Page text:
WIGAN Council has lost the contract to deliver the Government’s flagship welfare-to-work scheme.
The work programme, which has faced fierce criticism in recent weeks due to its poor performance, is due to be taken over by charity Wise Ability when the authority’s tenure expires next month.
Wigan’s jobseekers, who currently attend the programme at the Life Centre, will still be able to attend their employment courses elsewhere in the borough, the Evening Post understands.
Head of learning and skills, Carol Halford, explained that the contract termination would not result in any job losses for council staff.
She said: “This decision means Wigan Council is no longer directly providing services as part of the Work Programme. We will, however, work closely with Wise Ability and other providers to ensure there is adequate support for the long-term unemployed.
“Staff who delivered the programme will be transferred to the new provider although most have already found new jobs within the council.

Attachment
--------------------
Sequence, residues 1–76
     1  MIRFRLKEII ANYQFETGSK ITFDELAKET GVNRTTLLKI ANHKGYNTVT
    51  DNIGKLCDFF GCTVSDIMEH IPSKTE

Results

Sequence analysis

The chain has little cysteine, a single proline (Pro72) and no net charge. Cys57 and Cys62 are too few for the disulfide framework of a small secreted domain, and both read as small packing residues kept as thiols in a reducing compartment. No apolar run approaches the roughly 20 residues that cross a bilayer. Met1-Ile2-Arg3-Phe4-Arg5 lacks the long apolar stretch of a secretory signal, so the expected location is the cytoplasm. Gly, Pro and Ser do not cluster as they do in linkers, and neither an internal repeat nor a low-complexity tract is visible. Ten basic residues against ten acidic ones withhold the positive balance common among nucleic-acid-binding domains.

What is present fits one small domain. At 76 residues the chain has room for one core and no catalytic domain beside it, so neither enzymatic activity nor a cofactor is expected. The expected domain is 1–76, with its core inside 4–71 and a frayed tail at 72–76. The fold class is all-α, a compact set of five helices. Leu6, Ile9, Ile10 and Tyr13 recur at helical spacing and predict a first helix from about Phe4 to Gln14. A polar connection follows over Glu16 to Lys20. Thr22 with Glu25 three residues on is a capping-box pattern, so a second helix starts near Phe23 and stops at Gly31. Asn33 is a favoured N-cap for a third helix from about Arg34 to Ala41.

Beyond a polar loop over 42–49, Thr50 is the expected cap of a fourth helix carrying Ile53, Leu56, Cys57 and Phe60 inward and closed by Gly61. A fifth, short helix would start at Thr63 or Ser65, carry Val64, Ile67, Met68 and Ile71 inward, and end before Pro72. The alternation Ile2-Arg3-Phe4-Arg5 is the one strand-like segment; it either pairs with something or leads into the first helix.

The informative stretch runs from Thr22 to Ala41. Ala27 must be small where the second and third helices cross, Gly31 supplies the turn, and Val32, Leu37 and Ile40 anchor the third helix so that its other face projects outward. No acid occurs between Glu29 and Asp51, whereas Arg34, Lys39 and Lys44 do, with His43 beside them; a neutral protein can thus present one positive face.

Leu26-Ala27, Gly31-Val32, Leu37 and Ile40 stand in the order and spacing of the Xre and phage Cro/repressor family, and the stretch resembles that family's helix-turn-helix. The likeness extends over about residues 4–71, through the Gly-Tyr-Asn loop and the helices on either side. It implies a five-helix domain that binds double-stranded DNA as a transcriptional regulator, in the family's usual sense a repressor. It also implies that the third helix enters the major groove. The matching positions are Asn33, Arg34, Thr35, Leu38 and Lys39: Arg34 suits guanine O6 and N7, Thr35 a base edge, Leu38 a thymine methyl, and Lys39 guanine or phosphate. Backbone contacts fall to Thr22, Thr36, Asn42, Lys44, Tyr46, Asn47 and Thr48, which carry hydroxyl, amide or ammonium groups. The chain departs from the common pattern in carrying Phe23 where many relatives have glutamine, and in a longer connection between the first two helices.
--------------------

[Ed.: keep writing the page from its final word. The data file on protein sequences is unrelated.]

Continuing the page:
“We remain committed to helping the unemployed, our adult learning team provides a series of training programmes tailored to help people into work.”
The programme, introduced as a back to work scheme by the coalition government, was slated last week in a report by the Public Accounts Committee.
It claimed that all 18 of the private firms hired to initiate the scheme were missing basic targets, including G4S, the company responsible at present for providing the scheme in Wigan.
A G4S spokesman said: “Both parties have recognised that Wigan Council is better placed to help jobseekers in other ways, rather than as part of the work programme.
“We will continue working hard in Wigan to help the most disadvantaged people in our community back into work.”
Labour chair of the PA committee, Margaret Hodge, said: “It is shocking that, of the 9,500 former incapacity benefit claimants referred to providers, only 20 people have been placed in a job that has lasted three months, while the poorest-performing provider did not manage to place a single person in the under-25 category into a job lasting six months.
“The government is showing a bit of stubbornness and complacency about what these figures tell us.”
The Department for Work and Pensions responded that the figures in the report were skewed and that new figures due later in the year would give a fairer reflection of the programme’s success.
Council bosses will be meeting representatives from the Wise Ability charity this week to discuss the handover.